5 Educational YouTube Channels to Follow

by Hope Morley

Educational youtube channel

Image courtesy of Stuart Miles at FreeDigitalPhotos.net

Far from being just for cat videos, YouTube offers an unlimited amount of resources for learners. Many well-known and reliable websites and institutions have channels that focus specifically on one area of interest or study. Other channels present information from both the humanities and the sciences.

Here are five YouTube channels that offer educational videos on a wide variety of topics, including science, literature, social studies, music, and everything in between!

C.G.P. Grey

The C.G.P. Grey channel offers dozens of videos on politics, geography, and economics, as well as a few on science topics. C.G.P. Grey’s most popular video is “The Difference between the United Kingdom, Great Britain and England Explained” (who doesn’t need a refresher on that?), which had more than 6 million views at the end of August 2014.

LEVEL: Middle to high school

Crash Course

Brothers Hank Green and John Green (yes, the The Fault in Our Stars author) launched this entertaining and informational channel in January 2012 with its first—and still most viewed—video about the agricultural revolution, the first in a 42-episode series on world history. When asked by a “student” if the presented information will be “on the test,” John’s reply is: “The test will last your entire life, and it will be comprised of the millions of decisions that, when taken together, make your life yours.” Other subjects covered are U.S. history, biology, ecology, literature, chemistry, and psychology.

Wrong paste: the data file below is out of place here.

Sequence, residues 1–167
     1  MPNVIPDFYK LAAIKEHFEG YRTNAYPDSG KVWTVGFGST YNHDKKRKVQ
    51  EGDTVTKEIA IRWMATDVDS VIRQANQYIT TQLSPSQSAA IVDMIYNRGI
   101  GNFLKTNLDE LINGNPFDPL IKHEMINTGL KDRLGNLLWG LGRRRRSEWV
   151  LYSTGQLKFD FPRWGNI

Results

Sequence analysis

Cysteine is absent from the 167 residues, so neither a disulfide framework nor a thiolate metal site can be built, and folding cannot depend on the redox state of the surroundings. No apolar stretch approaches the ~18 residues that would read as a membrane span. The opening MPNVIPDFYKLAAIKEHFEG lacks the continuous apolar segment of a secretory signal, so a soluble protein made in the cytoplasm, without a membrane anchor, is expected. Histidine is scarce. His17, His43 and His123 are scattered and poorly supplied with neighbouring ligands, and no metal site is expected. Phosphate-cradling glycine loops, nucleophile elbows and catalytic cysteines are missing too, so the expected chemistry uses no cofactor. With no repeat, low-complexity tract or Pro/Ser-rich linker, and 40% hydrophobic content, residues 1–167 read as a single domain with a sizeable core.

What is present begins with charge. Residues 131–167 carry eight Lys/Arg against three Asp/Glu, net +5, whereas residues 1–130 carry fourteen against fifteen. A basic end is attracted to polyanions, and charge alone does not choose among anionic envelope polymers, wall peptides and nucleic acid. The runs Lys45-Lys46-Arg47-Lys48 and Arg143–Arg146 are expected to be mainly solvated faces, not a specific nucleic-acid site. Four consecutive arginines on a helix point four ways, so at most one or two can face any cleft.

LEVEL: High school

Library of Congress

Based in Washington, D.C., the Library of Congress (LOC) considers itself “the steward of millions of recordings dating from the earliest Edison films to the present.” Along with these first films and archival footage of historical and artistic events, the videos on the LOC channel range from music concerts to lectures on dozens of subjects to interviews with authors and other notable figures. The most viewed piece of media is a five-second film from 1894 showing the “Kinetoscopic Record of a Sneeze.” Another popular video is of boxing cats, which is exactly what it sounds like and proves that people were amused by feline behavior decades before the rise of the Internet.

LEVEL: Middle to high school

Massachusetts Institute of Technology (MIT) and MIT OCW

One of the top universities in the country, MIT and its news team post videos of science experiments, the latest in technology and medicine, and even how to deflect asteroids with a paintball cloud! The most viewed page is a video that visualizes the speed of light.

In addition to its YouTube channel, MIT also maintains a web-based publication known as MIT OpenCourseWare (MIT OCW). MIT OCW offers thousands of university courses for free. MIT OCW has its own YouTube channel, in which learners can choose between thousands of lectures on subjects such as computer programming, the sciences, architecture, communications, law, and languages.

LEVEL: Middle to high school

Have any thoughts on these educational YouTube channels? Have any others you’d like to share? Leave a comment, or find us on Facebook and Twitter!

Hope bioHope Morley is a consultant and social media coordinator for Green Light Professional Development. She writes about social media, conferences, and anything else on the web that helps both students and teachers learn. Follow her @GreenlightLT